Season 4 - Episode 402
To over 50,000 Facebook followers, she’s known as “Your Friendly Neighbor Epidemiologist,” sharing accessible and actionable insights into the COVID-19 pandemic. Those followers, however, may not know that the Baylor professor behind that account is a leader in global health and an advocate for surgical care for children around the world. In this Baylor Connections, Emily Smith, assistant professor of epidemiology, shares the story behind her highly-regarded social media outreach and takes listeners into the halls of the United Nations to understand the need for increased access to surgical care for children and their families.
Derek Smith:Hello, and welcome to Baylor Connections, a conversation series with the people shaping our future. Each week, we go in-depth with Baylor leaders, professors, and more, discussing important topics in higher education, research, and student life. Happy New Year. I'm Derek Smith, and our guest on Baylor Connections today is Emily Smith. Dr. Emily Smith serves as assistant professor of epidemiology in Baylor's Department of Public Health, an expert in global health, and an advocate for coverage for child surgical care globally. Her research informs the United Nations efforts to bridge the gap between need and access to surgical care for families around the world. Closer to home, she's known on social media as Your Friendly Neighbor Epidemiologist, where she shares information about public health, and specifically COVID-19 over the past year, in a format that makes data both accessible and actionable. It's been a very busy year and, Emily Smith, we appreciate you so much coming on the program today. Thanks so much for joining us on Baylor Connections.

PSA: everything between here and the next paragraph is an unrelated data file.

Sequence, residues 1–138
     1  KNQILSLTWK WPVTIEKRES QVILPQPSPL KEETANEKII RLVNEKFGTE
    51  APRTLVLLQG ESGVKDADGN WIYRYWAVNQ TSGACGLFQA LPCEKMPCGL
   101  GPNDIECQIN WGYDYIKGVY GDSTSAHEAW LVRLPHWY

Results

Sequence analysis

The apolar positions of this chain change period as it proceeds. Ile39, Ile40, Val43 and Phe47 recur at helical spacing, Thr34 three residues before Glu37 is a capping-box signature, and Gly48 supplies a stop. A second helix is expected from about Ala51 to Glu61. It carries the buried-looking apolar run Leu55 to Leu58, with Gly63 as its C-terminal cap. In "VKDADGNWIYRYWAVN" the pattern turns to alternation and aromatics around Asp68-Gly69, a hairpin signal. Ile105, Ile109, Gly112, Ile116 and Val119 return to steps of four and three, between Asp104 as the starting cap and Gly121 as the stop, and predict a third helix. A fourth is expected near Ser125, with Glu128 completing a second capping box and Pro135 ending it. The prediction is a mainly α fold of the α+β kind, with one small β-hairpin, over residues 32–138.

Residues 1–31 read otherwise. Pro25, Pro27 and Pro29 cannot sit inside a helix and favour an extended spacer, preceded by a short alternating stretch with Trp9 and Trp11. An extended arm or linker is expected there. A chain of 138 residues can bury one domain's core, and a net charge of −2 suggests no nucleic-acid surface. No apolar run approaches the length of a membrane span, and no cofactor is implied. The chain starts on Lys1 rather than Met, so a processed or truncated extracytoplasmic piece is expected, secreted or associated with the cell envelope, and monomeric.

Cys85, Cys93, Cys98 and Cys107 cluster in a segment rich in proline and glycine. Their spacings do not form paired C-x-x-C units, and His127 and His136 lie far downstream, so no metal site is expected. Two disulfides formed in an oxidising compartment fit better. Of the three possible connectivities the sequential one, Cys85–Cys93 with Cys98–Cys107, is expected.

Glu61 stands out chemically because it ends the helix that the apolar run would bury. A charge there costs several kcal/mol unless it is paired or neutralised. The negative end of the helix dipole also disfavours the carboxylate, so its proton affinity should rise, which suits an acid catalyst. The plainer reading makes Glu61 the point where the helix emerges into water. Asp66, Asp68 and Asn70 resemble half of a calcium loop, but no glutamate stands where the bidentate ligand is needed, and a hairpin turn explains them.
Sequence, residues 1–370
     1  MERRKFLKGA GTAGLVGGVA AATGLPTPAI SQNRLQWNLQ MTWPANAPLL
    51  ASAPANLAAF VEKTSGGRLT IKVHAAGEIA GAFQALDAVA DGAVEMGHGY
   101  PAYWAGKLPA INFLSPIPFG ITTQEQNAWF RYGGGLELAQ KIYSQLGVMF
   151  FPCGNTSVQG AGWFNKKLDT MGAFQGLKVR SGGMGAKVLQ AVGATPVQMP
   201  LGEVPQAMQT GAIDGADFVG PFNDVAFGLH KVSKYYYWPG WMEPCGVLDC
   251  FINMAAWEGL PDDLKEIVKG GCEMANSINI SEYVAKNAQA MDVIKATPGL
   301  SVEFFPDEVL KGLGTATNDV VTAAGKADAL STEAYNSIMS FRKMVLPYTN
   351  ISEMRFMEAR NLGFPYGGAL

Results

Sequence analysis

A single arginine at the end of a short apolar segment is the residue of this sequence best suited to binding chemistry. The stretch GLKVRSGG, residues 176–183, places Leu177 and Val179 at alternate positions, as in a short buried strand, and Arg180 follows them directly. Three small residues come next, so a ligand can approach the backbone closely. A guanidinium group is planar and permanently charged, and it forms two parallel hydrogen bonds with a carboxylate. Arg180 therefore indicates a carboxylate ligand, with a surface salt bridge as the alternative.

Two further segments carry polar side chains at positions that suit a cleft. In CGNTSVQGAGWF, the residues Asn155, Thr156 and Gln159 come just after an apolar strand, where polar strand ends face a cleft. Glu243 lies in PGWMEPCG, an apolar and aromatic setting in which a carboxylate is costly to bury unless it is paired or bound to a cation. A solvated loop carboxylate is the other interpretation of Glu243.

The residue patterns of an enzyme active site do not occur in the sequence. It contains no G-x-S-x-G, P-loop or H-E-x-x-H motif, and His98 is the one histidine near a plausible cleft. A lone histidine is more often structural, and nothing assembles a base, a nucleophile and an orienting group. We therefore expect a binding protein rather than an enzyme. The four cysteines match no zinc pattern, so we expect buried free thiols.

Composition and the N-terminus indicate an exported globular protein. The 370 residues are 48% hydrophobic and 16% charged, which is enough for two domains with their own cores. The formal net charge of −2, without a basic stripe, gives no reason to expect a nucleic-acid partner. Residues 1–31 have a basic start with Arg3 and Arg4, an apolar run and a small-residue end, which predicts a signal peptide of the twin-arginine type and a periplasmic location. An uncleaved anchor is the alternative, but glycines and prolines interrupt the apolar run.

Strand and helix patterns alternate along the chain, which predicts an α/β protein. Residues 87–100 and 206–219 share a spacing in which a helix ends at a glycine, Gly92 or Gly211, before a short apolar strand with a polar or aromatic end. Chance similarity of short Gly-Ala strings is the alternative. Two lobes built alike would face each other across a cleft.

Emily Smith:You're welcome. Happy New Year, thanks for having me.
Derek Smith:Well, it's great to have you here. I know a lot of people have a probably followed your page at some point, or seen one of your posts on social media. In fact, I actually saw one of your posts shared by someone outside of the Baylor family before I realized it was you, so it just shows the power of social media and how doing something like this can spread. But when did you start Your Friendly Neighbor Epidemiologist page on Facebook, and could you have imagined what role it's turned out to play over the last several months?